Now on my phrase, thus enlarged, Professor Huxley remarks that when I speak of the above-mentioned knowledge as enabling us to know ourselves and the world, I assert literature to contain the materials which suffice for thus making us know ourselves and the world. But it is not by any means clear, says he, that after having learnt all which ancient and modern literatures have to tell us, we have laid a sufficiently broad and deep foundation for that criticism of life, that knowledge of ourselves and the world, which constitutes culture. On the contrary, Professor Huxley declares that he finds himself “wholly unable to admit that either nations or individuals will really advance, if their outfit draws nothing from the stores of physical science. An army without weapons of precision, and with no particular base of operations, might more hopefully enter upon a campaign on the Rhine, than a man, devoid of a knowledge of what physical science has done in the last century, upon a criticism of life.”
The italicized parts are what are generating the controvercy. Taken at face value what is “the best that has been thought and said in the world” and why is the end of education knowledge of ourselves and the world. In Arnold, the question isn’t whether he disagrees with Huxley about “what” should be learned in school, but to what degree the liberal arts should incorporate the sciences of the day. Here’s how Arnold characterizes the overall question:
More than this, however, is demanded by the reformers. It is proposed to make the training in natural science the main part of education, for the great majority of mankind at any rate. And here, I confess, I part company with the friends of physical science, with whom up to this point I have been agreeing.
His agreement comes in the form of defining literature as all-inclusive of traditional Roman and Greek “letters” and the writings of scientists, such as Newton. It would be somewhat presumptive, without having read both Huxley and Arnold on the issue, to agree or disagree with Arnold’s characterization, but suffice it to say at this point that similar discussions go on today pertaining to the question what should be taught in school, what should people know, and what forces play a roll in determining answers and strategies. As Arnold writes earlier in C&S,
The question is raised whether, to meet the needs of our modern life, the predominance ought not now to pass from letters to science; and naturally the question is nowhere raised with more energy than here in the United States. The design of abasing what is called “mere literary instruction and education,” and of exalting what is called “sound, extensive, and practical scientific knowledge,” is in this intensely modern world of the United States, even more perhaps than in Europe, a very popular design, and makes great and rapid progress.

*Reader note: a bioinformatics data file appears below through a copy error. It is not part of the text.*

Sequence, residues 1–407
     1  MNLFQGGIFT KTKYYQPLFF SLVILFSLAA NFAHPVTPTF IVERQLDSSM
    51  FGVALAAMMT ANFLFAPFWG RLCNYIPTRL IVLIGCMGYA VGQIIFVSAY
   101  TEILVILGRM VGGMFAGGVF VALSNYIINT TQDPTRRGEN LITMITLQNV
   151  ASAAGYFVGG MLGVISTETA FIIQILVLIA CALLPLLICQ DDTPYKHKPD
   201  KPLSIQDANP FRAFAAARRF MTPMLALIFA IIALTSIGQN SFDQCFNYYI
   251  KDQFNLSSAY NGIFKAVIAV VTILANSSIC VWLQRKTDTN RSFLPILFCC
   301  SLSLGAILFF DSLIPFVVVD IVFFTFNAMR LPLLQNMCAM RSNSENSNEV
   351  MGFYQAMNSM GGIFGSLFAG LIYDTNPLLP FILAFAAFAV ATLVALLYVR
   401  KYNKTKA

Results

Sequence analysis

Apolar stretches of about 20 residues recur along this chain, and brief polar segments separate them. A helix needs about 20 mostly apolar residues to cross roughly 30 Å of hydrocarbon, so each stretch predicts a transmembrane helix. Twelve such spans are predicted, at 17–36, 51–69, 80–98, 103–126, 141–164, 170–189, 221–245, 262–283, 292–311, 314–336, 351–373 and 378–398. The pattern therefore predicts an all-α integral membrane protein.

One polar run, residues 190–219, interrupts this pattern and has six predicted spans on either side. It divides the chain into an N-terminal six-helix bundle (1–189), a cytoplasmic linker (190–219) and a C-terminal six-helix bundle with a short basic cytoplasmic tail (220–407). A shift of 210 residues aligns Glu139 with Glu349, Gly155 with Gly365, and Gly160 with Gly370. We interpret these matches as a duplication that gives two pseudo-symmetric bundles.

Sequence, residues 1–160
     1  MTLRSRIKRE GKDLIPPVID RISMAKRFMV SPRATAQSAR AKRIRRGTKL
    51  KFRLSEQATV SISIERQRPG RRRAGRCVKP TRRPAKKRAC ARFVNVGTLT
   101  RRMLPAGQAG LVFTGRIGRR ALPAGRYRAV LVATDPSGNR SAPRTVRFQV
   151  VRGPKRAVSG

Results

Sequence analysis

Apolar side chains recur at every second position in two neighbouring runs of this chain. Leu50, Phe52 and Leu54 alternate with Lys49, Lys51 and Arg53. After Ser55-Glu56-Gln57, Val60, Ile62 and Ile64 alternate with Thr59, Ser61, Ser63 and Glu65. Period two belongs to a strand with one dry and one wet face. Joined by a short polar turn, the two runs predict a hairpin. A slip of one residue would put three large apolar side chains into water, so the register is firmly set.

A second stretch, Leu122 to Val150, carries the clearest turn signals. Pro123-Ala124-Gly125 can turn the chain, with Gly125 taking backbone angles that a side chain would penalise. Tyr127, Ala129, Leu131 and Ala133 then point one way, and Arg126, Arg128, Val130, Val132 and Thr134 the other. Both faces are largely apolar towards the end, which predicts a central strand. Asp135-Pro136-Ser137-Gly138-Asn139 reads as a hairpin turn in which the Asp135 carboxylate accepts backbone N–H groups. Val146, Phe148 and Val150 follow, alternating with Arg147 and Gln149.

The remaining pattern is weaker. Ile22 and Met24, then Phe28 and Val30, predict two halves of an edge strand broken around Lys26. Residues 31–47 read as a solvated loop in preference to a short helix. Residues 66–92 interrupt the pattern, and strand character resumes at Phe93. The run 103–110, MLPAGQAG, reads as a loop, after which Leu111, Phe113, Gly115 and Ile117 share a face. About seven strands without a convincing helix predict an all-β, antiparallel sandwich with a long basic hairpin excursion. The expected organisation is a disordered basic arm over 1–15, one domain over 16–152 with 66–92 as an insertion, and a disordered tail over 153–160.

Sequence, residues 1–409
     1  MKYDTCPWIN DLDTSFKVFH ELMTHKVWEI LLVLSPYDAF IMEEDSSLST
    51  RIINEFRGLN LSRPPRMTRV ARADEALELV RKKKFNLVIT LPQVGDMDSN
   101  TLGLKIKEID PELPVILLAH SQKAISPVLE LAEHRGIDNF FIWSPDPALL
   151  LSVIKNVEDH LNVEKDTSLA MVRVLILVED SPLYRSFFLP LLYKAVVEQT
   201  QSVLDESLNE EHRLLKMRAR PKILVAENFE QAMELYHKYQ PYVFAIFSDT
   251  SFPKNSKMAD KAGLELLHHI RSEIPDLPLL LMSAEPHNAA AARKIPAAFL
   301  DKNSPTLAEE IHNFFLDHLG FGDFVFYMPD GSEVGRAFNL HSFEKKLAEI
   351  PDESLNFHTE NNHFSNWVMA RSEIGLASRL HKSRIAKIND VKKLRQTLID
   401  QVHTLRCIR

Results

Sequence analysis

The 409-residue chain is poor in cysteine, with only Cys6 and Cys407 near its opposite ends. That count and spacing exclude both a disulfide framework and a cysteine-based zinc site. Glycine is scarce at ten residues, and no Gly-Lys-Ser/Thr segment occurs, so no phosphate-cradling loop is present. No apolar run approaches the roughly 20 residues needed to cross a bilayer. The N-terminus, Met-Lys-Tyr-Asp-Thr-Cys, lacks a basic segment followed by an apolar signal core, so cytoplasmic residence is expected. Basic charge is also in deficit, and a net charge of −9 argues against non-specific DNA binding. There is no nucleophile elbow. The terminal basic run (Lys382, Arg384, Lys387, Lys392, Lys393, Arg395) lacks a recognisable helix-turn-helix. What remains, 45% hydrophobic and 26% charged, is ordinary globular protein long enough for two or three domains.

Here Arnold touches on the question of “modernity,” a question that will come up in the next century, when “modernism,” “modernity,” and other related issues will surface in other ways, especially in Kafka. What should modern people be doing with their brains–the lit or the science? Of course, the more moderate of us will claim that we should fall somewhere in the middle, but both Huxley and Arnold would consider such a position naive. Nevertheless, I made the question personal in class, asking people for pointed examples of what is “best.” Milton, calculas, engineering, or “Survivor”? The answer came back to personal choice (a modern view of human nature, as it has come to us), and this is where N.D.s question comes to the fore. But the problem is the extent to which an “individual” can choose. What are our options: and is individual choice an illusion? Many students in BL aren’t in the course because they wanted to study Mill. Someone else determined that their degree plan should involve some literature. It wasn’t I who decided that criteria. It was someone else, but who was it? We know an answer: someone with presumptive “authority,” or some body of experts who decide for others what they “will” do to make an accomplishment. Should the focus be lit, science, social science, business (which some see as the thrust of globilization)?
Choices. They are problematic. Currently, it’s Kerry vs. Bush. Two choices with immediate consequences.
Choices. Science or lit? In class we will work through the consequences of Arnold and Huxley. We will ask the question: we have facts assuredly, but who teaches us what to do with them?
Choices. We can split the atom. We can slice and segment the gene. But what do we do with this power? Again, Shelley resurfaces. And there’s Blake (and thus Milton) always peering from behind the wall of the past to judge or laugh at us.